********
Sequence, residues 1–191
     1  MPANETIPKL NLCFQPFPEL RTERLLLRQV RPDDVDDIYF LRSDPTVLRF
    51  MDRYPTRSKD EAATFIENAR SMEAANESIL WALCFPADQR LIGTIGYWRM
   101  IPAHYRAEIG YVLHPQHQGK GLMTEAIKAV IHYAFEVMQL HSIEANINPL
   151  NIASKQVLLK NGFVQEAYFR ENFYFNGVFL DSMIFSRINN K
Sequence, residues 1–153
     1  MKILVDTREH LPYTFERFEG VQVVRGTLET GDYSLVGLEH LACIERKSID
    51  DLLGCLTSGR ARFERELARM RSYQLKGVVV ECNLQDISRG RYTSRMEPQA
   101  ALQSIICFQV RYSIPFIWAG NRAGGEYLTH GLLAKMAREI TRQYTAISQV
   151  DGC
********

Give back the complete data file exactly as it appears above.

Sequence, residues 1–191
     1  MPANETIPKL NLCFQPFPEL RTERLLLRQV RPDDVDDIYF LRSDPTVLRF
    51  MDRYPTRSKD EAATFIENAR SMEAANESIL WALCFPADQR LIGTIGYWRM
   101  IPAHYRAEIG YVLHPQHQGK GLMTEAIKAV IHYAFEVMQL HSIEANINPL
   151  NIASKQVLLK NGFVQEAYFR ENFYFNGVFL DSMIFSRINN K
Sequence, residues 1–153
     1  MKILVDTREH LPYTFERFEG VQVVRGTLET GDYSLVGLEH LACIERKSID
    51  DLLGCLTSGR ARFERELARM RSYQLKGVVV ECNLQDISRG RYTSRMEPQA
   101  ALQSIICFQV RYSIPFIWAG NRAGGEYLTH GLLAKMAREI TRQYTAISQV
   151  DGC